By Carla KalogeridisI recently read some comments by authors and leadership consultants Shane Cragun and Kate Sweetman about confronting the brutal facts about our competitiveness. Their remarks have solid points of relevance for association publishers.
Sometimes we get so caught up with what members may or may not want that we forget to take a look around at what the competition is up to. Why is that important? Because if someone else takes over your space with better content and publications, it doesn’t matter how often you’ve surveyed your members. It’s about execution — nothing new there.
Your competitors might be other associations, B2B publications, providers serving your industry, or even your own members. Everyone is in the content game, and not always for the same reasons. But even that doesn’t matter because what you’re competing for is your members’/readers’ time and attention, right?
So, how can we gauge our relevance? Cragun and Sweetman say some organizations are "melting icebergs” because each year they become a little less relevant. Ouch. And yet, for many of you, I bet this hits close to home.
The authors suggest asking a few "brutal” questions to assess your situation (these can be applied to your organization or yourself):
1 Melt-rate. Is my association a melting iceberg? If so, at what rate? Why?
2 Relevance trend. Is my organization continuing to increase in relevance in the eyes of members, customers, and stakeholders? If not, why?
3 Adding value. Are we continually adding value to our products from our members’ and customers’ point of view? Am I engaged in vital work that adds value to the member? (That last one is important specifically to association publishing and communications teams.)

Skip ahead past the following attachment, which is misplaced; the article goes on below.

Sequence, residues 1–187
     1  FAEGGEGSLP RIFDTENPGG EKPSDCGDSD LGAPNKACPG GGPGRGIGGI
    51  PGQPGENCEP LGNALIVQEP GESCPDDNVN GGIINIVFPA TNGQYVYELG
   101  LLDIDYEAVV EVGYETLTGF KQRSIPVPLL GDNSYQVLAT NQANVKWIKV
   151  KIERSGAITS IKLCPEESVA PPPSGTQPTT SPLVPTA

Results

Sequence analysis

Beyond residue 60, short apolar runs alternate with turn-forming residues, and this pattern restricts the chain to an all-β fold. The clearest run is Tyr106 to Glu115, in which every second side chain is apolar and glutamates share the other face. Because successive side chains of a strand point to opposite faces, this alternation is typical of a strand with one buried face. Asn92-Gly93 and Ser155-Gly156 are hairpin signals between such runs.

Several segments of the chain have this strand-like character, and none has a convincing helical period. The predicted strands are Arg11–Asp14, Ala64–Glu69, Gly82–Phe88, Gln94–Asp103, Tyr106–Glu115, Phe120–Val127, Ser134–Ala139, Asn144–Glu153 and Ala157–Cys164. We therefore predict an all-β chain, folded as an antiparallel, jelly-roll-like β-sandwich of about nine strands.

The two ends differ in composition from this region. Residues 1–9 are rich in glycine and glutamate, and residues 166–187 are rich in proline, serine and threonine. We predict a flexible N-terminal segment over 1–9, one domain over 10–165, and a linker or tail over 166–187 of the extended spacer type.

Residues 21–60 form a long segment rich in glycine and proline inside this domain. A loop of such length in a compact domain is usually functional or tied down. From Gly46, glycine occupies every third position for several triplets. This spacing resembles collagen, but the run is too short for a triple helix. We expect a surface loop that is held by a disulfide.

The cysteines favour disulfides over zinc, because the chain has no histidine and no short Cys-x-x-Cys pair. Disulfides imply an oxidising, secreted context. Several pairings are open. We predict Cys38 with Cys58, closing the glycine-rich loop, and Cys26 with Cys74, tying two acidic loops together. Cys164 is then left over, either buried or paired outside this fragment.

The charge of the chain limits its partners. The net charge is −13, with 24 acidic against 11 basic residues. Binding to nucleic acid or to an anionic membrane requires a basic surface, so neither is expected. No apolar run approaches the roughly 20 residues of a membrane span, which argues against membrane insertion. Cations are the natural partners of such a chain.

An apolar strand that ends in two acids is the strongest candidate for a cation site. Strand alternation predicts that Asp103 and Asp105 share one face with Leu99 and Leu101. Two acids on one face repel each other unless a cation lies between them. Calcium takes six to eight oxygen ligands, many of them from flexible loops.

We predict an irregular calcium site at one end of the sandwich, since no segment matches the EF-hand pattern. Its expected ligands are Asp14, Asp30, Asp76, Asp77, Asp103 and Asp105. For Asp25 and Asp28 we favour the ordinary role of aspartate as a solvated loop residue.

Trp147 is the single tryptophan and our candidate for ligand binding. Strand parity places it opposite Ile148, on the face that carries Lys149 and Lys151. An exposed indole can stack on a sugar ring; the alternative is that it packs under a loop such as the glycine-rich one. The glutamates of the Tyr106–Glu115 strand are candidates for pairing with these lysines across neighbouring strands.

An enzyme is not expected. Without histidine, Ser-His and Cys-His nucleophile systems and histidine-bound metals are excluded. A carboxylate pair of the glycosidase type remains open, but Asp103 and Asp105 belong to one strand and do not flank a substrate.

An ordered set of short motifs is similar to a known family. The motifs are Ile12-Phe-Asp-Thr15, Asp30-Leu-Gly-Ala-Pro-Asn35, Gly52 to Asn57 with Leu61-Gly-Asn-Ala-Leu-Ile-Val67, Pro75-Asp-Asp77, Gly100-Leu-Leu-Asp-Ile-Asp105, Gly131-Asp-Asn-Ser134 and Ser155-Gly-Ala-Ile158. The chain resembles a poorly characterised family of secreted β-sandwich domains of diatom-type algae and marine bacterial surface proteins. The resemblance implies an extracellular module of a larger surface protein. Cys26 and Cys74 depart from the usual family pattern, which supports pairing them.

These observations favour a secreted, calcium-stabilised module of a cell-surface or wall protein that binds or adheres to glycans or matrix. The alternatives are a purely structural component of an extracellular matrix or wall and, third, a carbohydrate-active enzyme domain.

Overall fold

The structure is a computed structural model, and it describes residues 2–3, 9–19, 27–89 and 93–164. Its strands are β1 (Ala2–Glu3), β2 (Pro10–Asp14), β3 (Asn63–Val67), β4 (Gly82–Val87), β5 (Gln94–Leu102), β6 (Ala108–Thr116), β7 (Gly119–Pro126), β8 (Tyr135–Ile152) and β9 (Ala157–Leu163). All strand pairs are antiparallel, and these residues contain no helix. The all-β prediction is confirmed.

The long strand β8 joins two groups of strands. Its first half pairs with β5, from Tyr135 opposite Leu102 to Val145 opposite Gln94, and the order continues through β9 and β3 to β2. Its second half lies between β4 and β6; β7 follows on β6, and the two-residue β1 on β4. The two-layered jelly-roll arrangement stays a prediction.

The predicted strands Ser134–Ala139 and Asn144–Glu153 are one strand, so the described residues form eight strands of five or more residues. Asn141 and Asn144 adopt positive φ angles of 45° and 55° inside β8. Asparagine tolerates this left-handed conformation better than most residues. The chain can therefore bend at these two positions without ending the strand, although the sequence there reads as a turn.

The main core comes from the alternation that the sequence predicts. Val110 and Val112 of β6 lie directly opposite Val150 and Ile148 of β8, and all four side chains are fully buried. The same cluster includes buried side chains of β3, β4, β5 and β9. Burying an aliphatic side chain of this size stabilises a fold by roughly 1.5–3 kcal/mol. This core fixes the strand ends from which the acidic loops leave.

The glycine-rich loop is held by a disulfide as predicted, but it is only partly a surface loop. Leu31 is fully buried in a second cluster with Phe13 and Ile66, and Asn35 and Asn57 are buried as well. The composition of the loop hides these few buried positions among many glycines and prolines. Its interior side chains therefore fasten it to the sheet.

4 Internal vs. external change. Is my organization’s internal rate of change faster than the rate of change in the external environment in my industry? Am I learning faster as a publishing professional than the creation of new knowledge in the publishing and media field?
Although these questions are somewhat metaphorical, the authors say they can spur deep insight into our ability to successfully compete now and in the future; avoiding asking these strategic questions, they add, is a sure path to irrelevance. "Head in the sand” strategies rarely work for those who want to compete successfully and remain relevant.
The act of asking self-reflective questions is the first step to self- awareness and an understanding of your strengths and weaknesses, the authors point out. Asking confront-the-brutal-fact questions aobut your competitiveness could help you and your organization feel more in control of your future.
Continuous learning — and what the authors call learning agility — is a key competency. American moral and social philosopher Eric Hoffer summed it up in this way: "In a time of drastic change, it is the learners who will inherit the future. The learned usually find themselves beautifully equipped to live in a world that no longer exists.”
Self-awareness may not always give that positive buzz you feel when you’ve learned something new, but it could be the most important curriculum you take on in 2017.
Shane Cragun and Kate Sweetman are founders of SweetmanCragun, a provider of leadership and hi-performance solutions specifically tailored for today’s Age of Disruption. They are co-authors of the new book, Reinvention: Accelerating Results in the Age of Disruption.
Carla Kalogeridis is publisher and editorial director of Association Media & Publishing.